Syracuse doesn’t feel like other Melbourne restaurants. When you step into the converted 19th-century hotel lobby off Little Collins Street, the atmosphere is closer to that of a ritzy foyer than a place to eat dinner. It’s been this way since 1996 and still seems like one of Melbourne’s best-kept dining secrets.
The few French-bistro-style tables out the front don’t beckon strongly, but once you step inside, you’re swallowed up and spellbound. Despite the soaring, dramatic ceilings, the space feels small, intimate and glamorous. The velvet curtains that hang over the doorway are thick; the glassware sparkles; the lights on the chandeliers are dim, warm.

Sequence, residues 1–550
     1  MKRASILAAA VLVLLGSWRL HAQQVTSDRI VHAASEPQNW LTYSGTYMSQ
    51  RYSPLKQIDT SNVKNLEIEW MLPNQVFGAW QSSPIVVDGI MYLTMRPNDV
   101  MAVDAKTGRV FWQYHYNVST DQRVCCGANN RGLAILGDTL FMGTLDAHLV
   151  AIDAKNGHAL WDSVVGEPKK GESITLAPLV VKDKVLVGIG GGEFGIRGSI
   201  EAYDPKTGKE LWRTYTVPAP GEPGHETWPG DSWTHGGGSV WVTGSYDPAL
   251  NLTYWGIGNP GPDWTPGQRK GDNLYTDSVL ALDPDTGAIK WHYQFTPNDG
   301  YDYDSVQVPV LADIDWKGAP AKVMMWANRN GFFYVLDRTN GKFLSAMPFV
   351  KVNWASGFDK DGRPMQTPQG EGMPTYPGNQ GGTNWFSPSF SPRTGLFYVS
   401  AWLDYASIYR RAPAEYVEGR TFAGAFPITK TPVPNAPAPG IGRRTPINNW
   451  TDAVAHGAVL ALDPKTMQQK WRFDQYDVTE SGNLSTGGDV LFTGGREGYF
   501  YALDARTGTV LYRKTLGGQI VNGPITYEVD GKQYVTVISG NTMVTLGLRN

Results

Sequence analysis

Nancy and Richard Moussi bought the restaurant in 2011. They painted the walls white, and replaced the art with mattress-sized mirrors, but that’s all that’s really changed over the years. The wine list remains a veritable encyclopaedia of old-world regions and styles.
The menu features updated classics inspired by Spain, Greece, Italy and France. Syracuse is a port town in Sicily, so it's fitting. An autumn menu might include saffron-scented potato and leek soup with smoked mussels and a fennel doughnut. Or Murray cod and duck confit with lentils, roots and red wine burrata.